I made hoppers for breakfast. I've never made them before -- they always intimidated me a little because they're one of those extremely traditional Sri Lankan foods that even my mother only made once in a while. The recipe I used requires some forethought too, as to do it right, you need to let the batter sit overnight. You can force it by letting it sit in a warm oven for an hour instead, and that's what I did yesterday, but it doesn't work as well. The batter than I let sit and used this morning was much better.
I'm trying to think how to explain hoppers. First, you need an odd pan to make them - a half hemisphere of iron, much more curved than a wok. You can buy them in Indian grocery stores (or they can tell you where to get one). If you buy one, you have to remember to dry it right away after you wash it, and then rub oil on the inside, or it will rust. (El reminded me of that). Once you have the pan, you rub it with an oily paper towel (or fry nonstick cooking spray on the inside), and heat it a little. Then you pour in a half cup of batter, right into the bottom. Then you pick up the pan and swirl it a bit, so that a thin layer of batter comes halfway up the sides of the pan, and the rest settles back down at the bottom. For a plain hopper, you stop there, and put a lid on the pan (any lid that fits just inside the rim is fine) and cook it for five minutes on low heat. A very slow process, as you see. To feed four people would take an hour (two hoppers a person is more than sufficient; they're substantial). It's good for lazy mornings when you can just relax and chat in between each hopper's cooking, or do dishes, or putter around the kitchen.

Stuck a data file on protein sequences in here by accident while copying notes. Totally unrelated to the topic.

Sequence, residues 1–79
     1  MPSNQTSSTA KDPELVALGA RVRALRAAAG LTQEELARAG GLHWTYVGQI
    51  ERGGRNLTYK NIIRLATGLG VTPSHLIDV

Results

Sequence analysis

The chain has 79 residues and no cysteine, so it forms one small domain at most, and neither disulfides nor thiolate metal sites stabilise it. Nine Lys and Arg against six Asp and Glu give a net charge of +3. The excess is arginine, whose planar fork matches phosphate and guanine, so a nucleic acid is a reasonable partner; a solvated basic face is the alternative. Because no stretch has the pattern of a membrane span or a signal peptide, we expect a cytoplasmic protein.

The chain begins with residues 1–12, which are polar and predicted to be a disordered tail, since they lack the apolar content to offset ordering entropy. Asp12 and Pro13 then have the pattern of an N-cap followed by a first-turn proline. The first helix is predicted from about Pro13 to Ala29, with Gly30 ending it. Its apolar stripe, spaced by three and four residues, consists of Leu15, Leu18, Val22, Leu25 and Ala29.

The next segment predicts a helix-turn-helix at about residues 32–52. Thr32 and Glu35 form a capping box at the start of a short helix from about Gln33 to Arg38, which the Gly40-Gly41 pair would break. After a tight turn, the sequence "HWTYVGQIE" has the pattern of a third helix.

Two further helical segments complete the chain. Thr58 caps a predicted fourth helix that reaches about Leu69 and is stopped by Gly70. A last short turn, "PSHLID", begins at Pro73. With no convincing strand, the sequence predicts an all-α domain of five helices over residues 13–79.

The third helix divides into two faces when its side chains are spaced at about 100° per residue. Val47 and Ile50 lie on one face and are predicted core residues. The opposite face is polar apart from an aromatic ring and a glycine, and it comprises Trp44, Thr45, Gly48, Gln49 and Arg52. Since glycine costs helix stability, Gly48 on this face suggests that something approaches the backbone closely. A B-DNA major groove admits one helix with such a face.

There are variations on the plain hopper (which is traditionally eaten plain, or with curry). For something more Americans would recognize as breakfast, you crack an egg into the center right after you swirl. It settles in and in five minutes has soft-cooked; traditionally, you'd eat it with the yolks still somewhat liquid. I'm not a big fan of liquid yolks, but it works with this dish. Kids are often really fond of a sweet hopper, where you add a quarter cup or so of sweetened coconut milk to the center after you swirl, and serve with more coconut cream. Not a low-fat meal, but yummy.
The batter is somewhat complicated, though not actually hard. Add a packet of yeast to a half cup of warm water and a quarter t. sugar. Wait ten minutes and see if it bubbles. If it doesn't, your yeast isn't active. Start over. When you have active yeast, mix together 1.5 c. flour, 1.5 c. ground rice (you can grind it in a coffee grinder if you don't have a spice grinder), and 1-2 t. salt (err on the lower side to start). Take a can of coconut milk (two cups). Pour 1.5 c. into the flour mixture. Dilute the other half cup with a half cut water and set the cup of thin coconut milk aside. Stir in yeast, blend very well, and set aside, covered, ideally overnight (or for an hour in a warm oven with the heat turned off).
When it's done rising (theoeretically it should double in bulk, but I wouldn't count on it), stir it again, stirring in half of the thin coconut milk. It should be a medium thick batter -- thin enough that when you pour it and swirl, you leave a thin layer on the sides of the pan. It's pretty easy to get the hang of after the first couple (much like crepes).
I don't know how to describe the taste of hoppers. More like injera than anything else I suppose, but not as sourdough-ish. For a seriously Sri Lankan feast, serve them with a good hot curry (fish is best), make some egg, some sweet, serve some idli and masala dosai and sambar, put out some sharp sambols and sour pickles and sweet hot chutneys, with lassi and king coconut milk to drink and fresh fruit (mango, papaya, pineapple) on the side. That breakfast will carry you through to dinner. I'm not even going to start describing dinner, or I'll get hungry again, and I just ate two hoppers, so I'm really quite full.